If the library lets you provide your own implementation of the file access functions (through function pointers or an interface class, a lot do, you'll just need to hunt around the header files a bit) then you should be able to provide an in memory solution without too much problem. There are two approaches I usually take depending on the memory requirements of the system I'm working with.
The first is to allocate all the the memory for the file up front in your implementation of the Open() call. You then just need to memcpy() into the buffer and update how far through the buffer you are in your Write() calls. Finally, in your implementation for Close(), simply write the file to disk using whatever IO function your platform provides. The advantage of this approach is that it's easy to implement but the disadvantage is that memory usage can be unpredicatable if you don't know how large the final file will be. Will you need a 1kb buffer or a 10mb buffer? Do you have enough memory for the whole file?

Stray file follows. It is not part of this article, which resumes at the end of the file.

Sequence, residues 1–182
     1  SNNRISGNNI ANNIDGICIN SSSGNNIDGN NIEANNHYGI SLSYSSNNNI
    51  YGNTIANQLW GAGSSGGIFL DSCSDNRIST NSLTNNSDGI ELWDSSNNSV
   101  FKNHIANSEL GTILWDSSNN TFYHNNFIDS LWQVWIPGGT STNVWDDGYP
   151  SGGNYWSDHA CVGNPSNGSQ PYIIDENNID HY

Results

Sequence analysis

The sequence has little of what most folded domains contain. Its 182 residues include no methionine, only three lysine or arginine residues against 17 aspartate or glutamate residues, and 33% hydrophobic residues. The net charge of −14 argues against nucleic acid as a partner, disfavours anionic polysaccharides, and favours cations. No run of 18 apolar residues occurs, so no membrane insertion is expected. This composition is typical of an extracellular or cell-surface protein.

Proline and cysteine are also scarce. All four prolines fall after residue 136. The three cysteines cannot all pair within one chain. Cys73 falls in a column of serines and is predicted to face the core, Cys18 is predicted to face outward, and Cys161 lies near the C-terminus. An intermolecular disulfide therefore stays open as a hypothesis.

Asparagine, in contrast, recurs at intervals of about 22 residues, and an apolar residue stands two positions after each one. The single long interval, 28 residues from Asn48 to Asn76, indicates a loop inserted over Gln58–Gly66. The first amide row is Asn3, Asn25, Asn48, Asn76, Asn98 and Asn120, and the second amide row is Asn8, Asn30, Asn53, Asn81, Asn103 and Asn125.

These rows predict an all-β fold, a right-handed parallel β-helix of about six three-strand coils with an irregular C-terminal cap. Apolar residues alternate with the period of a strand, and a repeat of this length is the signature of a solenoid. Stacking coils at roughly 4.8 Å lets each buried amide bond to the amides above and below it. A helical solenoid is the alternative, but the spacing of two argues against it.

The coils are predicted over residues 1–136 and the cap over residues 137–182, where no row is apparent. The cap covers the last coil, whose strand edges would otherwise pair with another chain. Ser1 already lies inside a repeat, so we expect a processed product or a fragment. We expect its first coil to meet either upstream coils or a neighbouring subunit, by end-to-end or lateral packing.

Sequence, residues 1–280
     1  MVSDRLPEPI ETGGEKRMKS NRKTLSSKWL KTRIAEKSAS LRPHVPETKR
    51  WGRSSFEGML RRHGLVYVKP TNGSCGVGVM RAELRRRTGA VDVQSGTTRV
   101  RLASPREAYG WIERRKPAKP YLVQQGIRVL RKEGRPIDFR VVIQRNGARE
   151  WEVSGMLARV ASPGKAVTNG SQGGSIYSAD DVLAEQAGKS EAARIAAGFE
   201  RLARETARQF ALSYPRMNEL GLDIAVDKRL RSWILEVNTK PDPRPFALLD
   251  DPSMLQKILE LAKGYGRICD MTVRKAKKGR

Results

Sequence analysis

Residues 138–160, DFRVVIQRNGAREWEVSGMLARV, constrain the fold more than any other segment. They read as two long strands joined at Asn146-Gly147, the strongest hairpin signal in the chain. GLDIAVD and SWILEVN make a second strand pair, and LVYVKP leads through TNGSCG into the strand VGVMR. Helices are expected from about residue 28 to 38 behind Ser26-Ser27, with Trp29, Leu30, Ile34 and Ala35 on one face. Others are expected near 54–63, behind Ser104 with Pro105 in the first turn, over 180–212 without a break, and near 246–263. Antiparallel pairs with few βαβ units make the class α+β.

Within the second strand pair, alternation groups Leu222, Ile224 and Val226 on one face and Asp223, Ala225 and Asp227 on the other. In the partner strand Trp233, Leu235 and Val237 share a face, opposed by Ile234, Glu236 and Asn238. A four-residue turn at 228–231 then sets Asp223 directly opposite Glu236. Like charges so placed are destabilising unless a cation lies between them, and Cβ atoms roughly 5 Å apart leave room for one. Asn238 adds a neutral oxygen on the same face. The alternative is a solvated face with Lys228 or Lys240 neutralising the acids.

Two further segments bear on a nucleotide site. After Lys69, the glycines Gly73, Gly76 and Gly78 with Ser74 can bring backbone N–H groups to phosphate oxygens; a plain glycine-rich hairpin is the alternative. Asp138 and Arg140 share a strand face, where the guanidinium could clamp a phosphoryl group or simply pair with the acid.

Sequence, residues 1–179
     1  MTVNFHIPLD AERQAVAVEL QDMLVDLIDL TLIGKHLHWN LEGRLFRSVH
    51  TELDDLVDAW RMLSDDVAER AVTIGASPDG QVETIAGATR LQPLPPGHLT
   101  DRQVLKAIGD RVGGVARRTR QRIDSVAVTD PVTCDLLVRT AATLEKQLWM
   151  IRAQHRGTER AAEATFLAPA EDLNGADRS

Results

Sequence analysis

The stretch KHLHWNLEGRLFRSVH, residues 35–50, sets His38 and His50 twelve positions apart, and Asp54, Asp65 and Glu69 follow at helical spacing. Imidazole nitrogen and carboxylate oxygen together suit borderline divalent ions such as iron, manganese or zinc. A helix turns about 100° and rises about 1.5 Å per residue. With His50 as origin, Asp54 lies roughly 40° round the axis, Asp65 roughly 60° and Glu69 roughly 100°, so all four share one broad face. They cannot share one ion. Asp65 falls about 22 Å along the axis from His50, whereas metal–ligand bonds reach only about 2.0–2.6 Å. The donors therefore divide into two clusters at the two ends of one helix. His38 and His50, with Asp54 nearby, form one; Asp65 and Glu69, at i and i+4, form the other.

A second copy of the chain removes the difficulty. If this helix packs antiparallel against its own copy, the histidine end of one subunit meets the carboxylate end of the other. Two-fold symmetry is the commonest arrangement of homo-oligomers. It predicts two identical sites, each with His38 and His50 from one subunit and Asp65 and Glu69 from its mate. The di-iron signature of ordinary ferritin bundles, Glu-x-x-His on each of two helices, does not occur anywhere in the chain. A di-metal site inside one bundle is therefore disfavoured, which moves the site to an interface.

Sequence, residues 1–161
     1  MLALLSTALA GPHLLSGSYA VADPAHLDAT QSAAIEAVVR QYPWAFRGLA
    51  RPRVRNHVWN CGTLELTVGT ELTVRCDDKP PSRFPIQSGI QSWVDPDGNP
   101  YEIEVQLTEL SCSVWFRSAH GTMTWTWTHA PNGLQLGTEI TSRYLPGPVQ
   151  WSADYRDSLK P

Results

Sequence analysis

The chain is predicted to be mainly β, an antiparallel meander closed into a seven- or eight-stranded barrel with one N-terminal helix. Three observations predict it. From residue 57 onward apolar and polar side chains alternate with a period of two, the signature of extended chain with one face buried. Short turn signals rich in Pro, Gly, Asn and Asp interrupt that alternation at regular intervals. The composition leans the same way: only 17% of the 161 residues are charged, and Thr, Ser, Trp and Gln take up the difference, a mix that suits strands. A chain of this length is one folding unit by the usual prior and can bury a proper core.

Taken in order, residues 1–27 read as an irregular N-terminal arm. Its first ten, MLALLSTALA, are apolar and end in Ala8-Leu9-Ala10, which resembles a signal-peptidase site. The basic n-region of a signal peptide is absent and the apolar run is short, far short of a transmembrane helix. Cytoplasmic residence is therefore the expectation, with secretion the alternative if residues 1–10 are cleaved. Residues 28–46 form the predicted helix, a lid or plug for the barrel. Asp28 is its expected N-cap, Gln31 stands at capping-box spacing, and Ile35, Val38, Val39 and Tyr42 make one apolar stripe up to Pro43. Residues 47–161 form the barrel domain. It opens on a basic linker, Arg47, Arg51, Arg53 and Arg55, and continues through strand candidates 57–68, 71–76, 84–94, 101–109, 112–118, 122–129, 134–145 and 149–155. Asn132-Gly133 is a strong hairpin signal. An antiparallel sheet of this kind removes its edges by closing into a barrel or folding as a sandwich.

The second approach can avoid the memory problems of the above implementation, but is only really useful if the system isn't already providing buffered IO. This approach is to use a single buffer of a fixed size (e.g. 32kb) and use your Write() implementation to fill the buffer as before. However, every time you reach the 32kb limit, you write the buffer to disk and empty it, ready to be filled again. Your Close() implementation just needs to write any remaining data disk. The size of the buffer you need will depends on the system you're using, so you may have to experiment a bit to find an optimal size.
If the library needs seek access to the file, it will be trivial to add to the "all in memory" solution, but a bit trickier to add to the buffered solution. Not impossible though, so it's still worth considering if memory overheads are an issue for you.